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Buyers Guide to:

Morgan Plus 4

Useful Info

Manufactured

1950s to date

Fuel Type

Petrol

Engine Sizes

1600cc, 2000cc

Engine Type

Water-Cooled

Drive Configuration

RWD

Morgan Sports Car Club

www.mscc.uk.com

Richard Thorne Classic Cars

www.rtcc.co.uk

Just Kampers

Odiham,
Hampshire,
RG291JE,
01256 862288,
www.justkampers.com

Background

It might look old fashioned but a Morgan is a very special car indeed, and one that has a huge enthusiast following across the world. The factory in Malvern, England has been building these unique cars for more than 100 years with buyers attracted by the combination of vintage looks, modern performance, and traditional hand-built craftsmanship. The Plus 4 name dates back to the 1950s and has been on sale ever since, all models constructed with a separate steel chassis with an ash wood frame and steel/aluminium panelling. Various engines have been fitted over the years, from the Triumph units of early cars through to Fiat, Rover, and Ford power units. Famous at one time for a seven-year waiting listing, buyers may not have to wait so long now but the Morgan brand is as popular as ever.

  1. We haven't found any particular areas of concern, but we recommend you give the car a thorough looking-over in all the usual places.

The Checklist

  • The panels for dents. They were steel or aluminium depending on year, and the latter are more susceptible to dents. Look for bubbling paint that indicates corrosion beneath
  • That the chassis isn’t corroded. Key areas for attention are the box sections, around the rear axle, and the rear spring hangers. Despite being galvanised from the 1980s problems still occur and fitting a new chassis takes well over one hundred hours of labour, and the part itself is around £1000. If in doubt get a specialist inspection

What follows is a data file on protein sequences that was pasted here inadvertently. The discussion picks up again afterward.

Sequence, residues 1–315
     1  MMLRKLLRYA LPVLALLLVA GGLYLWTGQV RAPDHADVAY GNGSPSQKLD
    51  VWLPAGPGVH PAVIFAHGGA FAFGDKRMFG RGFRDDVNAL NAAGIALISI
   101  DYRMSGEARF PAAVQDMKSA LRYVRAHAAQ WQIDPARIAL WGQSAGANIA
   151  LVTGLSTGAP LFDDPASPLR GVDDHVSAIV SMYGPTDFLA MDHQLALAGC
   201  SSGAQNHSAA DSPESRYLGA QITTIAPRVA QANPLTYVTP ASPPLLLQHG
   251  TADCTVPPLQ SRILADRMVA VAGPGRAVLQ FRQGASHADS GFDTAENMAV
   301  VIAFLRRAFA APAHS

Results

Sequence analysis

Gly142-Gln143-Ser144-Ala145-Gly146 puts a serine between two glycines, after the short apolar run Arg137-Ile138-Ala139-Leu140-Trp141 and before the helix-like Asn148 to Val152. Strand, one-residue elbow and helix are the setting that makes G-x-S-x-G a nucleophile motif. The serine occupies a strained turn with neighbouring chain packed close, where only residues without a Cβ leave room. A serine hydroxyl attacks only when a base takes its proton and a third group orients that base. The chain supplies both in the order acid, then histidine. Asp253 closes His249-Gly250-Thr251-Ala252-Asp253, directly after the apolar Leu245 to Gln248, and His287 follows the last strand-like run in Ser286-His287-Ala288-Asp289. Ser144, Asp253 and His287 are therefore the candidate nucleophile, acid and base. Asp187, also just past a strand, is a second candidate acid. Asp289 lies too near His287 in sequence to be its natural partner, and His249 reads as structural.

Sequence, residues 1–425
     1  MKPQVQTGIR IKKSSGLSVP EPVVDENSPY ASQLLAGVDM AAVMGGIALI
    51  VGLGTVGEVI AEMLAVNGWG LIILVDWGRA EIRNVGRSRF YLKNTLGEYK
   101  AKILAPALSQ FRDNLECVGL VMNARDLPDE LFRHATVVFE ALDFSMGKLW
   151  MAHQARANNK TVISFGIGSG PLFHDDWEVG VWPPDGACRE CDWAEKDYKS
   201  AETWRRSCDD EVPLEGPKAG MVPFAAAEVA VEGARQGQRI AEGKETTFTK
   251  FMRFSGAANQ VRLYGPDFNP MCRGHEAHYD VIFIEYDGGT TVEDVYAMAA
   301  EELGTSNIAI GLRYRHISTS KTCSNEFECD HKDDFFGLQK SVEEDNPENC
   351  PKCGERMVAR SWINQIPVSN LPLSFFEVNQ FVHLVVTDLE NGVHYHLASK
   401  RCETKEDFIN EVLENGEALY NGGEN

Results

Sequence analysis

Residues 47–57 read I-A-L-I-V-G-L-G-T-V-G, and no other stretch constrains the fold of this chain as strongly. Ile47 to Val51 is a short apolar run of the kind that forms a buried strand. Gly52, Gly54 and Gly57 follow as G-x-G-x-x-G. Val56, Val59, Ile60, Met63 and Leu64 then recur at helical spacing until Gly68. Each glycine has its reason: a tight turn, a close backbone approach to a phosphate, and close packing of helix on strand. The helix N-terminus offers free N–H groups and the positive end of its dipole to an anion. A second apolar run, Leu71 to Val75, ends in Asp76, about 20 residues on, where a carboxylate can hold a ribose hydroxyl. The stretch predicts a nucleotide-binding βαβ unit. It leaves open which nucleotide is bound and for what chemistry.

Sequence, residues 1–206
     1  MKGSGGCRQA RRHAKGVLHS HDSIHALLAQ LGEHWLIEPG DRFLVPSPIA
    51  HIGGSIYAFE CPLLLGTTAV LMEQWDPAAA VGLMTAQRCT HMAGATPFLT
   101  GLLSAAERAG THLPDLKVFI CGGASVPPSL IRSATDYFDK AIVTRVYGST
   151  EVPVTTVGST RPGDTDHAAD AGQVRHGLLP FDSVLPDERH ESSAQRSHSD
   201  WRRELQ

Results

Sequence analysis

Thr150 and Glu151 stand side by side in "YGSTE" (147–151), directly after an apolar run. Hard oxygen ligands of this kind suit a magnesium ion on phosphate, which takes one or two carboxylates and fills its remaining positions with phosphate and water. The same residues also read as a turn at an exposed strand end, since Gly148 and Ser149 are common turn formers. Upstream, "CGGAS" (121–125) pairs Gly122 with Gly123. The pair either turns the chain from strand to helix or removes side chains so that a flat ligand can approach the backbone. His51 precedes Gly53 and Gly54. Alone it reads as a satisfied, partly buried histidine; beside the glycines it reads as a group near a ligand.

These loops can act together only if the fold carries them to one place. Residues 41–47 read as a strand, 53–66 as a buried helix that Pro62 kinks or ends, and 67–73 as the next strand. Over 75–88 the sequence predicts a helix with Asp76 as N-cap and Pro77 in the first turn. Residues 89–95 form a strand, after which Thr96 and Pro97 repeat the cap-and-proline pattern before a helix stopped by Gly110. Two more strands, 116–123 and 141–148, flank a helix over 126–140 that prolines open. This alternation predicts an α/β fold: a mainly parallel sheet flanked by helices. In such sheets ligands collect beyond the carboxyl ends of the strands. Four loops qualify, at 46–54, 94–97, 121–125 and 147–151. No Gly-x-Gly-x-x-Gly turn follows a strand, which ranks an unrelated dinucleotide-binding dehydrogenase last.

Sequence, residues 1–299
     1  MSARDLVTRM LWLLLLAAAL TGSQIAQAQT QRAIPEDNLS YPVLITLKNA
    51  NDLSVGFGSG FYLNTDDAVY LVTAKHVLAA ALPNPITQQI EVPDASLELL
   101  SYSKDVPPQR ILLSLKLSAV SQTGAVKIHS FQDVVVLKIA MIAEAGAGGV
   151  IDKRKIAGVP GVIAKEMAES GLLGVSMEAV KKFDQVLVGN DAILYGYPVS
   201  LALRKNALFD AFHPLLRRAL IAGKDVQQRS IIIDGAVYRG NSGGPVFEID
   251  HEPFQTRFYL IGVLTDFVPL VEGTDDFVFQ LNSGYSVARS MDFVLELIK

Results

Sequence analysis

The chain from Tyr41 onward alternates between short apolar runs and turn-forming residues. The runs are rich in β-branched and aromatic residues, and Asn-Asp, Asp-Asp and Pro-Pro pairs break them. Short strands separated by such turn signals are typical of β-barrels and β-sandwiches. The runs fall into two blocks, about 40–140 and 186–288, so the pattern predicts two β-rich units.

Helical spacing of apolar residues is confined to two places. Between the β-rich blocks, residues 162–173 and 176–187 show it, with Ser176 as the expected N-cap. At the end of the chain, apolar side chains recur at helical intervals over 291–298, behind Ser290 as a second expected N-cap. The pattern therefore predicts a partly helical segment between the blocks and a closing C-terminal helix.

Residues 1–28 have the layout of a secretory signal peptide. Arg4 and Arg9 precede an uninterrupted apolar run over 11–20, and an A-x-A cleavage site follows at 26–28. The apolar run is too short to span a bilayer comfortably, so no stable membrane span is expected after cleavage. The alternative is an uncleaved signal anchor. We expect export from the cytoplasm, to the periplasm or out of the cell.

• For any signs that the ash frame has succumbed to rot. It was pressure-treated with Cuprinol from 1986 which helped, but the hand-built nature of these cars means repairs will be very costly
  • For any vertical movement in the doors which could indicate rot in the hinge posts
  • That engines have been serviced regularly. Morgans are generally owned by enthusiasts who look after their cars, but a fat sheaf of maintenance bills will provide peace of mind
  • The gearbox for jumping out of gear or noise from worn bearings, and for whines or oil leaks from the back axle. Both are hard wearing in normal use, but age may have taken its toll
  • For wear in the front suspension. It’s of an unusual ‘sliding pillar’ design and regular lubrication of the kingpins is needed to avoid premature wear. Upgrades are available from Morgan if you want to update the arrangement to the later design
  • The rear suspension for leaking dampers and sagging leaf springs
  • The brakes for wear although there are no inherent problems. Low mileage and lack of use could have caused the rear brakes to seize, so check everything feels healthy on the test drive
  • For any slack in the steering caused by worn joints. Some owners have fitted aftermarket power-steering conversions which improve the driveability, and are worth considering
  • Wire wheels for wear in the hubs, splines, or spokes. They are a popular fitment, but will need specialist attention if an overhaul is on the cards
  • The cabin for signs of water ingress, and make sure that trim isn’t scruffy or damaged. Morgan used top quality materials, so you’ll need to budget for the services of a professional re- trimmer if refurbishment is needed
  • That the hood and frame is undamaged. If it’s folded away when you view the car, make sure you see it in operation as fitting a new hood will result in a four- gure bill
  • For any sign of electrical problems. There’s not a great deal of equipment to go wrong, but age or moisture ingress could have led to issues

Everything Check Out?

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